So we saw another rate hike yesterday. I understand how this is SUPPOSED to work, it’s supposed to slow the supply of cheap money. In the current environment transaction prices have all gone up because supply is low and demand is high, how does increasing the interest rate help anything. Wouldn’t it just increase the damn transaction price EVEN MORE?
The average Joe isn’t flipping cars and making money like some of us here, they’re out buying a car because they need one, possibly during the worst time to purchase in decades (if not ever). How does increasing the rate while supply is still the core issue fix anything?
I don’t understand how this thought is so pervasive. It makes no societal sense. You can’t survive without money and you can’t make money without working. Do people really think the 2,200 stimulus relief payments were enough to last in this inflated environment over two years?
People want to work. Just not for low wages and in hostile environments.
I’m no economist so take this with a grain of salt. My understanding is that increasing rates will/might help stabilize demand for certain goods.
With regards to the car market, there are still supply chain issues, currency fluctuation, and other issues manufacturers are dealing with. On the bright side, I am seeing more and more brokers advertising close to pre-Covid discounts off MSRP on certain brands/models. MF still sucks on certain leases, hence financing might be a better option in certain situations.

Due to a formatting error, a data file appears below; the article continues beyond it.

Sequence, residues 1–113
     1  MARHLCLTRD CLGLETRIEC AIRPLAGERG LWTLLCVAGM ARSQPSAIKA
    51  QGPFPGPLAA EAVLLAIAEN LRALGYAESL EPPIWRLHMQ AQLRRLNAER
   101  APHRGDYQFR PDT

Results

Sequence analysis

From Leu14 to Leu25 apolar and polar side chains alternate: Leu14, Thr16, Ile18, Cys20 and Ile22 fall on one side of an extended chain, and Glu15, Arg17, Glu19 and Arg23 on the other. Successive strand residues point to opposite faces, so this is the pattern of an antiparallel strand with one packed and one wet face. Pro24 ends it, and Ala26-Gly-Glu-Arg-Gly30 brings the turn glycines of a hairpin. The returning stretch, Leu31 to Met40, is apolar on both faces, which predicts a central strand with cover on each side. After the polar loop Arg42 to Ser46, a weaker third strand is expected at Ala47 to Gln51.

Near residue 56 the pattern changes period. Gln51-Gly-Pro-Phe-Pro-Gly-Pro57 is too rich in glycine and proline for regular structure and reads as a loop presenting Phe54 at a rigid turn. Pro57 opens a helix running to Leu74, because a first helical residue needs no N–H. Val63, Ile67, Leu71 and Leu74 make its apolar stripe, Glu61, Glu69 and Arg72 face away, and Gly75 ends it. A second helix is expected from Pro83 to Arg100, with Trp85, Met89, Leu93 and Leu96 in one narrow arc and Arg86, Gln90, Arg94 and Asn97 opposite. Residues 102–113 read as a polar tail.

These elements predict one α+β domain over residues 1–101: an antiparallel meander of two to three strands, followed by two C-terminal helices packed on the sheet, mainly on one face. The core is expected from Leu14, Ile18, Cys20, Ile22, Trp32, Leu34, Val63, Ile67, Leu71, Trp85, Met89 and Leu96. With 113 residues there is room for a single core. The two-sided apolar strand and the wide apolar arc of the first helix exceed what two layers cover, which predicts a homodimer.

I will let economic/financial experts share more knowledge on this.
There are people that legitimately have a beef about low wages and hostile work environments and there a lot of people with a delusional sense of what their labor is really worth and interpret any sort of uncomfort as hostile.
- I have been working remotely since the pandemic started. My company permanently shut down the office closest to me, since most folks were working from home. I am lucky to have a flexible work schedule, and I sympathize with folks who are not that fortunate. I am also lucky that I get paid well (but still below market value).
I do not want to derail this thread but I feel the need to respond this. I work in tech for a public company. I am not an engineer and I do not work for one of the FAANGs (For folks who don’t get the acronym, please look it up). I follow the industry quite a bit and there have been lots of companies that have laid off staff these past few months (https://layoffs.fyi/), rescinded job offers to new hires and even frozen hiring. I have been passively searching for a new job over the past few months, and all I can say is that some companies have no clue what they are doing when it comes to hiring. I am at a stage in my career (with more than 10+ years of experience in my field) where I am not going to settle for a junior-level role or for less money (based on my research) than current market value.